GL Golf for Mac review

GL Golf for Mac provides a realistic virtual golf experience by employing responsive physics and features such as water hazards. You're able to customize the appearance of your character as well as the environment, and you can choose from three difficulty levels. While lacking online multiplayer, the game provides a global leaderboard.

When launched, GL Golf for Mac presents you with its main settings screen. There you can choose the type of game, weather conditions, time of day, number of players, and difficulty, as well as customize the player's appearance and the clubs they will use. Through the … Read more

Review: PitchPerfect Musical Instrument Tuner lets you easily tune different string instruments

PitchPerfect Musical Instrument Tuner for Mac offers precise tuning for ten different string instruments via a clean and easy-to-learn interface. The app uses any available audio input device, even a built-in microphone, to listen to your instrument, and provides a catalog of the different tuning options available. Whether you're an amateur or professional musician, this app can be useful.

Unlike many specialized apps, PitchPerfect Musical Instrument Tuner for Mac provides you with an uncluttered interface. A scrubber detects your current pitch and places the target pitch, updating itself in real time as you tune the instrument. You will also … Read more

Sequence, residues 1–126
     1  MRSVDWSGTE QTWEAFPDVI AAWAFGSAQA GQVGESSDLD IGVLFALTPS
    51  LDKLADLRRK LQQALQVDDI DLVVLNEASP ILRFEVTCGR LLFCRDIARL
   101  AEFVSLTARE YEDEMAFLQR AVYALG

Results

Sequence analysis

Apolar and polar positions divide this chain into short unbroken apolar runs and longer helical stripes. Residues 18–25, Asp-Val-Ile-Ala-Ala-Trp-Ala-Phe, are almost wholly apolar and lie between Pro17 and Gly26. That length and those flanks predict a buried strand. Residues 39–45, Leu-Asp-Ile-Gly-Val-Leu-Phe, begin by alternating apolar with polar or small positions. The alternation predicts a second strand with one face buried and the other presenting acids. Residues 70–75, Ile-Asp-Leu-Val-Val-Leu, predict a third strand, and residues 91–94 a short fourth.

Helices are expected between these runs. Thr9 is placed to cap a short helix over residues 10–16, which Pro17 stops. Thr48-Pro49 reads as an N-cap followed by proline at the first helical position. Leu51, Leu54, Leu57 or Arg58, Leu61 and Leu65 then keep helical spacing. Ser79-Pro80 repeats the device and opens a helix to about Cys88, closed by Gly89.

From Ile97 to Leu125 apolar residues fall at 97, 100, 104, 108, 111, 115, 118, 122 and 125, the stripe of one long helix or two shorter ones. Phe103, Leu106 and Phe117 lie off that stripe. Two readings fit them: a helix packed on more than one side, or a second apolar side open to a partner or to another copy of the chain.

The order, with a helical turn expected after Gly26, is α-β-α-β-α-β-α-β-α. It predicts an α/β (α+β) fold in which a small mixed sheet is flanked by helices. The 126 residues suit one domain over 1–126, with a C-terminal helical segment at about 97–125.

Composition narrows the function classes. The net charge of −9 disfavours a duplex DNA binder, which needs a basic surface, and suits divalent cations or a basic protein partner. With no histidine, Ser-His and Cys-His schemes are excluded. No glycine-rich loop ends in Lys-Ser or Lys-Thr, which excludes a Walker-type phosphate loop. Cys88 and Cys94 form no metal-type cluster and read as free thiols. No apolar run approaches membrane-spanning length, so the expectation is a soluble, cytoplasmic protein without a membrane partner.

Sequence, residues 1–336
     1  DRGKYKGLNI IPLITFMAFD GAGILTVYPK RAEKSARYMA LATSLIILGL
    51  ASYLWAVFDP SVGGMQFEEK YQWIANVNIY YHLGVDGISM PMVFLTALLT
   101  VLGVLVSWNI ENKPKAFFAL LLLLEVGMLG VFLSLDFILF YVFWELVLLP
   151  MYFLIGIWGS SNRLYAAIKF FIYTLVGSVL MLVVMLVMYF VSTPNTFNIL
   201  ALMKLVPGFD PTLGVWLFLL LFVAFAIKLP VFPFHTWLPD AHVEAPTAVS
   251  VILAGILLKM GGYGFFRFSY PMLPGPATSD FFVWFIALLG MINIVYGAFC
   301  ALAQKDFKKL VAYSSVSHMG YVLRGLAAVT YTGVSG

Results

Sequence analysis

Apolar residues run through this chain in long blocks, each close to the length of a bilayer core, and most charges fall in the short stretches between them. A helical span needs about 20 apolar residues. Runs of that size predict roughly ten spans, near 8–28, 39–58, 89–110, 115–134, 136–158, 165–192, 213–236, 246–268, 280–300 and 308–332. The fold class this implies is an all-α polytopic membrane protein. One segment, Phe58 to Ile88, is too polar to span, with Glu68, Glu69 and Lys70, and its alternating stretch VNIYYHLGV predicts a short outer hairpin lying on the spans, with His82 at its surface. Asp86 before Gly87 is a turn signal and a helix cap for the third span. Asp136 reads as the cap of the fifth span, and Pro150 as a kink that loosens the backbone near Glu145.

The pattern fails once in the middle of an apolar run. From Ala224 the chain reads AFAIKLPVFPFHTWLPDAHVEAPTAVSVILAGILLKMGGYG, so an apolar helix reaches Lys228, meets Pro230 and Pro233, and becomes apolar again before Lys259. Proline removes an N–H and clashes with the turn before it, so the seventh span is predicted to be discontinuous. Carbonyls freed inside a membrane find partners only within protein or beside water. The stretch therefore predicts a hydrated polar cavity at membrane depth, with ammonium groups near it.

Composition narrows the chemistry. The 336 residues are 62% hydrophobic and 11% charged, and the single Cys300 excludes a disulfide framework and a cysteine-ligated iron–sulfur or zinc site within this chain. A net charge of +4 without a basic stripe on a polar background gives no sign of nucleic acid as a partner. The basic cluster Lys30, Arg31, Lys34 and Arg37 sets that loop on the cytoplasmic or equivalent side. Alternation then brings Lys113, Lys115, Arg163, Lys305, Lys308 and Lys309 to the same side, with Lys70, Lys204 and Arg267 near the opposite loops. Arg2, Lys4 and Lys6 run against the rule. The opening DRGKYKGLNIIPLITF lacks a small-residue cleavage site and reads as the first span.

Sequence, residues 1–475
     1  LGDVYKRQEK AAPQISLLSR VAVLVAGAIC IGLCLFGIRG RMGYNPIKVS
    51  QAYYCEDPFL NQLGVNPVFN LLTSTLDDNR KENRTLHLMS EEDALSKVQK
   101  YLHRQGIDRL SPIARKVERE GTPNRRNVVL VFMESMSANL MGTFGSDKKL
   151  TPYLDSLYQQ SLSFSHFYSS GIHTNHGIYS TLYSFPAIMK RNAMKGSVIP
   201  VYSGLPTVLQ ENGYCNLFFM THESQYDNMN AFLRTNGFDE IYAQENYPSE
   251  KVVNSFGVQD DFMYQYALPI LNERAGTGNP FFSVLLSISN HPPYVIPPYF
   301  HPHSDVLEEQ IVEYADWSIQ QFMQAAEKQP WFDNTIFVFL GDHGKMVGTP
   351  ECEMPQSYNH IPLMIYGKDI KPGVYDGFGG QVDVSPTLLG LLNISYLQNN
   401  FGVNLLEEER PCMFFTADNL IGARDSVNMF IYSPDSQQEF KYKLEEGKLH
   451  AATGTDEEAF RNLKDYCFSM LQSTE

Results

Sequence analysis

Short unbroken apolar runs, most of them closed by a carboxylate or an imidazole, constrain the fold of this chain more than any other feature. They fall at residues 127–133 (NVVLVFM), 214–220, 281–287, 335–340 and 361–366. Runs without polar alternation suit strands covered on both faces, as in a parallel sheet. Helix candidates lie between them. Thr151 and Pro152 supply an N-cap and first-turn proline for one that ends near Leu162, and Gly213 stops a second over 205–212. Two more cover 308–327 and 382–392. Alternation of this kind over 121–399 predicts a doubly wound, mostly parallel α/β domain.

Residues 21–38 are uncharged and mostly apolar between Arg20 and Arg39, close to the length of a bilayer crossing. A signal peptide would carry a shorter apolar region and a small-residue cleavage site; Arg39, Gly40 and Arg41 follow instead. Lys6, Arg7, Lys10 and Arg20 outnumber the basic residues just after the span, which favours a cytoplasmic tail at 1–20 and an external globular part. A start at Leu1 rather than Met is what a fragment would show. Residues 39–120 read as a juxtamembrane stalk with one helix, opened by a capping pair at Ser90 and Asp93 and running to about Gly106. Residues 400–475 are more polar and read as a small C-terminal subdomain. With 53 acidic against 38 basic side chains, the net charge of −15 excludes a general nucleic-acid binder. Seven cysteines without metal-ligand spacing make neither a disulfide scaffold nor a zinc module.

Perfect drug for perfect pitch? New study tests valproate

You're only as young as you think you are. But what if you could re-train your brain to absorb information as easily as a child can?

That's exactly what scientists testing the FDA-approved drug called valproate investigated in study of adults who had little or no musical training yet demonstrated some degree of absolute pitch, an ability to identify or produce the pitch of a musical sound without any reference point.

Absolute pitch, the scientists say, can only be acquired early in life.

Valproate is currently used to treat epileptic seizures, migraines, and manic episodes associated with bipolar disorder. But scientists wanted to see if the drug had other neurological benefits. … Read more

Become an official witness to the next tar-pitch drop

There are a couple of competing tar-pitch drop experiments going on in the world. The oldest is taking place at the University of Queensland in Australia. It has given us eight drops of pitch over its 86-year history. The ninth drop could happen at any time.

In honor of the impending occasion, the university has launched The Ninth Watch, a site where anyone can sign up to view a live feed of the experiment and have their names on the official list of witnesses if they happen to be online and watching when the drop finally falls.… Read more

69-year experiment captures pitch-tar drop

It took seven decades, but the pitch has finally been caught in the act.

Since 1944, physicists at Trinity College in Dublin have been trying to measure the viscosity of pitch tar, a polymer seemingly solid at room temperature, and witness it dripping from a funnel.

A drop forms only rarely, but last week a Webcam was on hand to witness the magic moment. … Read more

Apple pitches iOS 7 features to schools, businesses